Britain’s Indian Summer is about to be swept aside as four days of gales and torrential rains batter the country.
The tail end of Hurricane Ophelia, currently lashing the United States, is due to hit tomorrow causing chaos with 65mph gusts.
And on top of that, an early Big Freeze is expected with an “Arctic blast bringing severe frosts” and snowfall in some areas before the end of the month.
Over the next few days there will be a risk of flooding, falling branches and damaged buildings across virtually the entire UK, weather experts said last night.
Jonathan Powell, senior forecaster at Positive Weather Solutions, said the strength of the winds could match Hurricane Katia which devastated parts of Britain last month.
“The remnants of Ophelia are gearing up to cause chaos this week and look likely to set in until the weekend with virtually the whole of the country in for a battering,” he said. “It will be coupled with torrential rain, although there will be a lull in the downpours on Thursday and Friday.
“The end of the month and November are looking colder than average with an Arctic blast bringing freezing temperatures, severe frosts and even the chance of snow.”
He said Ophelia could “give Katia a run for her money”.
Helen Chivers, forecaster at the Met Office, said: “The tail of Ophelia is going to get mixed up in our system towards the end of the week.
“The North could be in for some gale-force gusts. It is certainly the end of the warm spell and is looking much more like a windy and rainy autumn picture.”
It will bring an abrupt end to Britain’s autumn heatwave which has made the past few days feel more like mid-summer than October.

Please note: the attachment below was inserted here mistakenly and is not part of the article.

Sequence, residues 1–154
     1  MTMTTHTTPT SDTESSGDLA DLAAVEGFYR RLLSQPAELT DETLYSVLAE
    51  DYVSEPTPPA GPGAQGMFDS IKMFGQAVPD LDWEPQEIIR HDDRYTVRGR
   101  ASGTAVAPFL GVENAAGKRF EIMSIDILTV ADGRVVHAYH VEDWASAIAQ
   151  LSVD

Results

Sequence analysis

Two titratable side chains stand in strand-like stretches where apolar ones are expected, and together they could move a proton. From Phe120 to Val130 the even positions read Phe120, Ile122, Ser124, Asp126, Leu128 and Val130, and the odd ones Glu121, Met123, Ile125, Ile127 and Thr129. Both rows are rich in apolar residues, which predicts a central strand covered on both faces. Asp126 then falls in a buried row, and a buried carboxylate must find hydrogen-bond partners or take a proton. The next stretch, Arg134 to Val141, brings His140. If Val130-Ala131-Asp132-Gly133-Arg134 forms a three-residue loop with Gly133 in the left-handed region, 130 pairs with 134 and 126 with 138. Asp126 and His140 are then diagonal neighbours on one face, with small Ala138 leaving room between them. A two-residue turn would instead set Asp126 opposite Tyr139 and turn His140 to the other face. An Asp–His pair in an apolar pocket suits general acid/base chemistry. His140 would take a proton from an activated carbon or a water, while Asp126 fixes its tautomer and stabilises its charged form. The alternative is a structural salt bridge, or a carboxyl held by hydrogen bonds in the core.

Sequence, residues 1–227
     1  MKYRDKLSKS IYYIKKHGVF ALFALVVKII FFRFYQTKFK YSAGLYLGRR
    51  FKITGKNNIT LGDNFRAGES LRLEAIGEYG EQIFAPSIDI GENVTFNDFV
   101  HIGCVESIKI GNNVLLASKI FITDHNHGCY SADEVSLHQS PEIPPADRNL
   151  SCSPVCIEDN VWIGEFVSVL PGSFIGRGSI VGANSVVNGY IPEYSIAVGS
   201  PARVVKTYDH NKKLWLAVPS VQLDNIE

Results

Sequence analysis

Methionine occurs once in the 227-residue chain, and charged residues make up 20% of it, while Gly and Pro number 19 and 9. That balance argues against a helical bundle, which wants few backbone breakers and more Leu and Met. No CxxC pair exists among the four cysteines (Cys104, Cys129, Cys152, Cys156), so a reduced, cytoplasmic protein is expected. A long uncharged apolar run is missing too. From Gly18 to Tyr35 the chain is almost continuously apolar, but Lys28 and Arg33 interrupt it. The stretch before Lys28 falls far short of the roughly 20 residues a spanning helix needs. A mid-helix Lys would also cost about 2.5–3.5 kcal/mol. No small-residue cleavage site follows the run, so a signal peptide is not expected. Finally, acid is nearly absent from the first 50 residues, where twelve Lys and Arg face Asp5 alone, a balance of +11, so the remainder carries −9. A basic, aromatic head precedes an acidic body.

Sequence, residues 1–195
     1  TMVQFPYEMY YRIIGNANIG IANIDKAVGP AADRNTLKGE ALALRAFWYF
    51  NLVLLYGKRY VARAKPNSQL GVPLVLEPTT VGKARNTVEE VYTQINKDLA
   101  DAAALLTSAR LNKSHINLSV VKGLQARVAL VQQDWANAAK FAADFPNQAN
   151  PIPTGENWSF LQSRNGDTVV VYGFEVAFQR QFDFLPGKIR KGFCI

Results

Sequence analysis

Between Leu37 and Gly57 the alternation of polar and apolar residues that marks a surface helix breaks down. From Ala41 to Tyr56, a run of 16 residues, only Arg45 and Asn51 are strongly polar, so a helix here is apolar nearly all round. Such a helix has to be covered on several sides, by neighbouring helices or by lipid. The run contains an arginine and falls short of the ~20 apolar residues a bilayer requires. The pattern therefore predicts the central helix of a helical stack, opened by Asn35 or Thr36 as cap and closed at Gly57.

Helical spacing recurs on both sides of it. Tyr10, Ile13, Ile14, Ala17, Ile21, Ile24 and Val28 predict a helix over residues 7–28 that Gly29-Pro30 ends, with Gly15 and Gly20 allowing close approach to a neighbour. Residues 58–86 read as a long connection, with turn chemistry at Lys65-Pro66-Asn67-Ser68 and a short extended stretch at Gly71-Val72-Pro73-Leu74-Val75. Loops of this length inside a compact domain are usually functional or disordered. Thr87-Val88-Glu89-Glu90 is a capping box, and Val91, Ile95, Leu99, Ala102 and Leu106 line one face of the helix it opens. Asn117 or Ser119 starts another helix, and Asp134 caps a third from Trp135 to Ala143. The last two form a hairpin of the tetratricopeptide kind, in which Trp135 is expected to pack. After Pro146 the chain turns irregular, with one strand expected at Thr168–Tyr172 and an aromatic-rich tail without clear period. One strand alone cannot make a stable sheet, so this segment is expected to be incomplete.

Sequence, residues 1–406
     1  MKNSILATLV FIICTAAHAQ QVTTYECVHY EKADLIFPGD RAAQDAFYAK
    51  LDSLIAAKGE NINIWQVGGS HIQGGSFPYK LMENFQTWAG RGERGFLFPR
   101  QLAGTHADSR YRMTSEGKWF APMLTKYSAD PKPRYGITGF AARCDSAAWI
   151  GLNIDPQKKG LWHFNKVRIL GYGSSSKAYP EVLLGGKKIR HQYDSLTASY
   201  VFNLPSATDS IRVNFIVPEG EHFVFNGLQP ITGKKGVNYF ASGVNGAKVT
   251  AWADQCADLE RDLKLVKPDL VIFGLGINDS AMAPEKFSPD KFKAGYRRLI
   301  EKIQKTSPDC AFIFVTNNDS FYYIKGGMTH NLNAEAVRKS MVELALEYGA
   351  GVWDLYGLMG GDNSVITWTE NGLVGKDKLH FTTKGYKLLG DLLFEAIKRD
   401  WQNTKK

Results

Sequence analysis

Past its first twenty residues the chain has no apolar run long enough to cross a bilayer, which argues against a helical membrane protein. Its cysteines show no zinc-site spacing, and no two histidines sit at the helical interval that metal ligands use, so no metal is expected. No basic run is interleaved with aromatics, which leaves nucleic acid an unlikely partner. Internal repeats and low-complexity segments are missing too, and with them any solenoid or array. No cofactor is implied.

Virtually the entire country has basked in an Indian Summer with temperatures nudging 86F (30C) over the weekend, breaking previous records for October.
That followed the hottest September 30 for more than 100 years with parts of the country hitting 85F at the weekend.
The heatwave is thought to have caused the deaths of thousands – a 10 per cent increase in deaths is expected in hot spells.
Doctors said it could even exceed the 11 per cent death rate spike seen when temperatures hit 86F in August during a hot snap that lasted just two days.
Last week saw temperatures consistently pushing 86F for five days, nearly 30F higher than average, with night-time temperatures higher than expected for the time of year.
London Ambulance Service reported a 20 per cent rise in emergency calls for people with breathing difficulties, with a call every 20 seconds at some points.
Yesterday the Department of Health defended its decision not to issue a heat health warning.
Dave Britton, spokesman for the Met Office, which issues the warnings on behalf of the Department of Health, said: “Temperatures did not reach trigger levels.”
Weathermen yesterday warn- ed that an early cold snap could see temperatures plunge to freezing this month bringing snow in a matter of weeks.
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